Coffee Sessions #65

The Future of Data Science Platforms is Accessibility

The machine learning and data science space is blowing up -- new tools are popping up every day. While we seem to have every type of "Flow" and "Store" you could imagine, few people really understand how to glue this stuff together. Despite all the tools we have available, we still see companies failing to leverage data science effectively to drive business results.  Instead of spending time driving business results, data scientists spend their time fiddling with Kubernetes, trying to debug that Spark serialization error figuring out how to map their code into the awkward "AI Pipeline" SDK. We have an industry filled with tools built by engineers... for engineers, rather than for data scientists. It's deeply disempowering. Meanwhile, data is still used effectively to drive decisions in many companies. Analysts have been solving very similar problems on the back of applications like Excel, Tableau, and Mode for literally decades. While there are still challenges in analytics, the MLOps space could learn something from analytics tools. Analytics tools better understand how to make their tools accessible. Analytics tools better understand the value of iterability. Analytics tools better understand that data problems are wicked problems: - we have to iterate on the formulation and solution simultaneously - they involve many stakeholders with different opinions - there's no "right" answer - the problems are never 100% solved. If we're going to really drive the most business value from data science, we need to understand how to design our teams and tools to effectively work against such problems. The future of data science platforms is accessibility and iterability.

Take-aways

- System/tooling improvements often lower barriers to entry - High level programming languages => more, better applications - Data tools like SQL, Tableau => more, better analysis - Domain experts are trying to convert their knowledge into an accessible form to many of you who will then try to somehow encode it (perhaps mixed with your own understanding of how data is collected, served, etc) - Giving more agency to domain experts (e.g. to build datasets, models, etc) will help us build better data products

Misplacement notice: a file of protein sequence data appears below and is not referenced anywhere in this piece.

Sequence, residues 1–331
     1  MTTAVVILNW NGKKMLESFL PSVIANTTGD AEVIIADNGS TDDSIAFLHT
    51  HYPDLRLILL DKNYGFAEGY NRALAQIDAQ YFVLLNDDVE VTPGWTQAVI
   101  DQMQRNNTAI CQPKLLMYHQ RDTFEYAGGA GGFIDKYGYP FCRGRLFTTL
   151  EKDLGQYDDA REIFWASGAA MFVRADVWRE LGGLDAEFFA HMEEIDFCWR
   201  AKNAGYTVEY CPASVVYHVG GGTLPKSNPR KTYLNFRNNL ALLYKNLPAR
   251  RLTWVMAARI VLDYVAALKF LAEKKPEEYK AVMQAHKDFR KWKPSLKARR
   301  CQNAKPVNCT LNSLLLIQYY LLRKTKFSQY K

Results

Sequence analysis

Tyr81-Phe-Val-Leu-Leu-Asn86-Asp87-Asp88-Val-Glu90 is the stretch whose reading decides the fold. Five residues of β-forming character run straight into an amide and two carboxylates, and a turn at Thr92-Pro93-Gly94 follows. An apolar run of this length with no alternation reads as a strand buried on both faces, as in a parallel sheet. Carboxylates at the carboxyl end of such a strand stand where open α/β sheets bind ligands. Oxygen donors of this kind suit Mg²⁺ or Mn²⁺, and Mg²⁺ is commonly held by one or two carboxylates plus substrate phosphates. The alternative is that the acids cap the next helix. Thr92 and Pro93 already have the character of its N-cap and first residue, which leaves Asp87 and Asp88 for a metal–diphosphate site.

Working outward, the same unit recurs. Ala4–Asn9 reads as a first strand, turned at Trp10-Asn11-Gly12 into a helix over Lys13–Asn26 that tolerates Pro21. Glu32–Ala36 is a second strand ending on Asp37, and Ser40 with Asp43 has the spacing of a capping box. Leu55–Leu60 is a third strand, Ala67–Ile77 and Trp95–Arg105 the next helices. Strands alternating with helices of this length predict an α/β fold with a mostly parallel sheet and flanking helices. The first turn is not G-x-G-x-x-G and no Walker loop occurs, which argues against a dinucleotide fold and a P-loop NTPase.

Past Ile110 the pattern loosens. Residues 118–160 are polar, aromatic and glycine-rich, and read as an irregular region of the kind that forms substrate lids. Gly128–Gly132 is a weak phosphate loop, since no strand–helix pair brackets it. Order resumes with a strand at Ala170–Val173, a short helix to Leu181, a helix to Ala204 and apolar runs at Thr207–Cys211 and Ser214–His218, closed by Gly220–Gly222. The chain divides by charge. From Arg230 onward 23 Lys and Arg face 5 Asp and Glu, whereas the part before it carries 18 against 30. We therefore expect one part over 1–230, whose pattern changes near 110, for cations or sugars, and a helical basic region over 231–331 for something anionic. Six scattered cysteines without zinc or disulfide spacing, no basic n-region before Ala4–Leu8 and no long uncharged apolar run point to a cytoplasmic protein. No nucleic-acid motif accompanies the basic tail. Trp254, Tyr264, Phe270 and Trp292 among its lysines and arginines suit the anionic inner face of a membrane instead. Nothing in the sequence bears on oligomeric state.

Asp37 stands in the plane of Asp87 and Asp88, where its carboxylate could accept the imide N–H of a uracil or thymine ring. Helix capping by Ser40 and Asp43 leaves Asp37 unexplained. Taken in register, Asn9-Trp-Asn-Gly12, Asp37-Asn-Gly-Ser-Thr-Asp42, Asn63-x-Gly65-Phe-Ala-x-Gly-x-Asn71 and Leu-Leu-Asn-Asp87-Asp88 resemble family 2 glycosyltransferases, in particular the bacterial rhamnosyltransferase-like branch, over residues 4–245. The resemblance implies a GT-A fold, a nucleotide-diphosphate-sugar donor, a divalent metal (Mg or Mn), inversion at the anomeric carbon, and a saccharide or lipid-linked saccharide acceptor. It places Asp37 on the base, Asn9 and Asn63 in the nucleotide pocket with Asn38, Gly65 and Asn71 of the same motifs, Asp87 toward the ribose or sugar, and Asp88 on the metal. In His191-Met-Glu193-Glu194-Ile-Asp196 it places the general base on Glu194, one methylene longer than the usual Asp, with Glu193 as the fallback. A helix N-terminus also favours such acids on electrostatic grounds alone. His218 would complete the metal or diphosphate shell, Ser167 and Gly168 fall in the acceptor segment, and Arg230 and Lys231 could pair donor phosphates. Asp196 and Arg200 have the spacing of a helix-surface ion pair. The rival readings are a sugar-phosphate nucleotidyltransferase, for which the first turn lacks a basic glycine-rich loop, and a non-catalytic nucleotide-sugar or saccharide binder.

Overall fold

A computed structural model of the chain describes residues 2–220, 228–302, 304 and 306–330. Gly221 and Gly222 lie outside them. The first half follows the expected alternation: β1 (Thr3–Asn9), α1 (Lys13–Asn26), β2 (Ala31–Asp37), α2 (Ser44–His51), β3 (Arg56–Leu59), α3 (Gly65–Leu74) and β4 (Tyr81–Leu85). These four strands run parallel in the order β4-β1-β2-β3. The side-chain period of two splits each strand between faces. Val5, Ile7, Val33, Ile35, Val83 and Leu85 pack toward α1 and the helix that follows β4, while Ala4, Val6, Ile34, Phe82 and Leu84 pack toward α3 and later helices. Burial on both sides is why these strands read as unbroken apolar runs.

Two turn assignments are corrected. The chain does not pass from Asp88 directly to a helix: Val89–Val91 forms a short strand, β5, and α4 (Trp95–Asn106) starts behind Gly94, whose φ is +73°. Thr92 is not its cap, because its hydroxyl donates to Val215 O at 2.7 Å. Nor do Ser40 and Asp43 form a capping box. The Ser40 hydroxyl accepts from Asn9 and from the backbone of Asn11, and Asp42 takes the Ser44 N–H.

In this episode

Skylar Payne

Skylar Payne

Machine Learning Engineer, HealthRhythms

Data is a superpower, and Skylar has been passionate about applying it to solve important problems across society. For several years, Skylar worked on large-scale, personalized search and recommendation at LinkedIn -- leading teams to make step-function improvements in our machine learning systems to help people find the best-fit role. Since then, he shifted my focus to applying machine learning to mental health care to ensure the best access and quality for all. To decompress from his workaholism, Skylar loves lifting weights, writing music, and hanging out at the beach!

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Demetrios Brinkmann

Demetrios Brinkmann

Host

Demetrios is one of the main organizers of the MLOps community and currently resides in a small town outside Frankfurt, Germany. He is an avid traveller who taught English as a second language to see the world and learn about new cultures. Demetrios fell into the Machine Learning Operations world, and since, has interviewed the leading names around MLOps, Data Science, and ML. Since diving into the nitty-gritty of Machine Learning Operations he felt a strong calling to explore the ethical issues surrounding ML. When he is not conducting interviews you can find him making stone stacking with his daughter in the woods or playing the ukulele by the campfire.

Vishnu Rachakonda

Vishnu Rachakonda

Host

Vishnu Rachakonda is the operations lead for the MLOps Community and co-hosts the MLOps Coffee Sessions podcast. He is a machine learning engineer at Tesseract Health, a 4Catalyzer company focused on retinal imaging. In this role, he builds machine learning models for clinical workflow augmentation and diagnostics in on-device and cloud use cases. Since studying bioengineering at Penn, Vishnu has been actively working in the fields of computational biomedicine and MLOps. In his spare time, Vishnu enjoys suspending all logic to watch Indian action movies, playing chess, and writing.